Sunday, October 16, 2011


Written by David Tash Lumu
Sunday, 16 October 2011 23:50

Sam Kuteesa and others stepped aside despite Museveni's call for them not to
Kutesa, Nasasira and Rukutana went ahead and stepped aside
President Museveni told Sam Kutesa, John Nasasira and Mwesigwa Rukutana it was not necessary to step aside but they went ahead and quit, The Observer can reveal.
The three stepped aside from their ministerial posts on the eve of their trial in the Anti-Corruption Court on charges of misappropriating funds for Commonwealth meeting preparations in 2007.
A State House source has told us that Museveni met the trio on October 11, a day before their much-publicised resignations.
They wanted Museveni to approve what they described as “our humble” request to “resign” from cabinet. They told the President that the believed the anti-corruption tsar Raphael Baku and his office are being used to fight proxy and politically motivated wars.
The trio, we have been told, reckon that an influential person in government is using the Inspectorate of Government (IG) to fight them. Our sources further revealed that the embattled ministers also told Museveni that in order to allow justice to prevail and the truth to come out, it was better for them to step aside while the law takes its course.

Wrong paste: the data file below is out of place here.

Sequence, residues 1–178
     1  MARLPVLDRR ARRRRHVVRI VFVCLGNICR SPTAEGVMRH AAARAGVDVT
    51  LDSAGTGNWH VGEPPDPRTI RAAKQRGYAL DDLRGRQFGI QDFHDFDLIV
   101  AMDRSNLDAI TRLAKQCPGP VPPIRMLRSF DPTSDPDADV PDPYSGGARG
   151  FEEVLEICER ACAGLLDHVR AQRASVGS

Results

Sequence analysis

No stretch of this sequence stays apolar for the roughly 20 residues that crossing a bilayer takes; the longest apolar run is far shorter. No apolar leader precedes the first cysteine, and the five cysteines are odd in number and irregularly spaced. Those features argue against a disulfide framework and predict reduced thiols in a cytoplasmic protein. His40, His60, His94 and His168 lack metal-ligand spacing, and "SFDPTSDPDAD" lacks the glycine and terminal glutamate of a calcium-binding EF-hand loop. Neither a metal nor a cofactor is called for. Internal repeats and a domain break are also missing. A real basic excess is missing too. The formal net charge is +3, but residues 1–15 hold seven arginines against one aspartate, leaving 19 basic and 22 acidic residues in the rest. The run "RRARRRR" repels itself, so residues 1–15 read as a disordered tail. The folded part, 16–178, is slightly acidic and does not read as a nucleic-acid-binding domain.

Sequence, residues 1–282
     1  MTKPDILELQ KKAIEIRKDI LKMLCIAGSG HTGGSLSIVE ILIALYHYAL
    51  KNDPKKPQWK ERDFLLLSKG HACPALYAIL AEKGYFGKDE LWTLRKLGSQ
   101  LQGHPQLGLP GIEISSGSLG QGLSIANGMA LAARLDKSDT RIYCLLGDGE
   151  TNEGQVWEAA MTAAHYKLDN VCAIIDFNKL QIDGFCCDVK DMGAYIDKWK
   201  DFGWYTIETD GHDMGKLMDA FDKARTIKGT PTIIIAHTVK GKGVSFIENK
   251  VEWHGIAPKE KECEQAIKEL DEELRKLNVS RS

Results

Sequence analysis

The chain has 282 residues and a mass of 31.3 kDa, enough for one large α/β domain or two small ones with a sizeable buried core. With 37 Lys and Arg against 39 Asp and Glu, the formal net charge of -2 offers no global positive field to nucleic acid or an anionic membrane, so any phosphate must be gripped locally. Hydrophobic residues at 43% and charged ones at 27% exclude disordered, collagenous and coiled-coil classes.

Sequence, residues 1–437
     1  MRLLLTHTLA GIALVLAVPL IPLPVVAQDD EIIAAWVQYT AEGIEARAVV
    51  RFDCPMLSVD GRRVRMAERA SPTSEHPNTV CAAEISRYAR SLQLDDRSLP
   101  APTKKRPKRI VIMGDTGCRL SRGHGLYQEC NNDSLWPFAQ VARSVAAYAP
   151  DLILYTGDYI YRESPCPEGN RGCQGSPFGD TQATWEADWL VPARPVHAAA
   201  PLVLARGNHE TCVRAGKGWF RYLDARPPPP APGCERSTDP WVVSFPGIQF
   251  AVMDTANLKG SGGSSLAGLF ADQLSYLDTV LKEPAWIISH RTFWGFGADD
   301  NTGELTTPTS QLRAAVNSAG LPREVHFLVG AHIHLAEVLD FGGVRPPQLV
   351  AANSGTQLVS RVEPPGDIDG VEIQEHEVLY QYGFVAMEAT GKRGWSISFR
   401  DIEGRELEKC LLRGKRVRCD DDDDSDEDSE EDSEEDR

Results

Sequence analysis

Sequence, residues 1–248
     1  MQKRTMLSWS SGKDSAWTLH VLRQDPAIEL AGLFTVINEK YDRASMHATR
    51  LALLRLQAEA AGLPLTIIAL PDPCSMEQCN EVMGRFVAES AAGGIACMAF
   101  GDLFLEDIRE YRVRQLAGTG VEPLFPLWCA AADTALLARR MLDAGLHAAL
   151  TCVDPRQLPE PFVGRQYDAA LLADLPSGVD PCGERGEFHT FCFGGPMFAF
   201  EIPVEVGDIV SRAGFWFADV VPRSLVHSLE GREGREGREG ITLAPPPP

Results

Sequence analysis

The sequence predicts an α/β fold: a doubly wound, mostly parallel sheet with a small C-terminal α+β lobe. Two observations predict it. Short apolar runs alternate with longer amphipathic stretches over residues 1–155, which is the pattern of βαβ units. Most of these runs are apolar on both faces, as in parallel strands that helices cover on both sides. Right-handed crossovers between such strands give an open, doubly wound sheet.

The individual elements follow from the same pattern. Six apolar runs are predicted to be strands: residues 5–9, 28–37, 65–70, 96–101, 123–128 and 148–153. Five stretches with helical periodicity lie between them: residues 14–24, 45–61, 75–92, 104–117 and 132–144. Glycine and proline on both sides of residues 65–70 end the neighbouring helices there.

Museveni, however, refused to buy their view. Instead, the President told them to be strong and not to panic because the cases against them are not solid in his view. We have been told that during this brief meeting, which started at 3pm and ended at 4pm, Museveni thought he had managed to convince the ministers not to resign.
But the three came out of the one-hour meeting with mixed feelings. Whatever happened later clearly shows that Museveni’s reassurances came to naught, as the ministers “stepped aside” a day before they were paraded in the Anti-Corruption Court over the loss of Shs 14 billion in CHOGM expenditures.
“We have, in order to allow for the due process of the court, which we highly believe in, and in the interest of the party to which we belong and the government we serve, deemed it prudent and desirable to seek leave from our appointing authority so as to step aside, until this matter is concluded,” read part of the statement they issued.
During a media briefing at Nakasero state lodge, the President said the ministers’ resignation was “their decision”. The President also told journalists that he would investigate if indeed some institutions are being used to fight political battles. Specifically addressing himself to former Vice President, Prof Gilbert Bukenya’s CHOGM indictment, Museveni suggested that Bukenya is a victim of political bickering within the ruling party.
“Be careful not to spoil our institutions. They were put in place to help people; not to fight wars. If I, as the commander in chief of the army, decide to use it to fight personal wars everywhere, that will not be right,” Museveni said.
While he did not point out the institutions he was referring to, the Inspectorate of Government under Raphael Baku has previously been accused of selective prosecution. Baku in particular has been accused of protecting Prime Minister Amama Mbabazi, who he used to work for.

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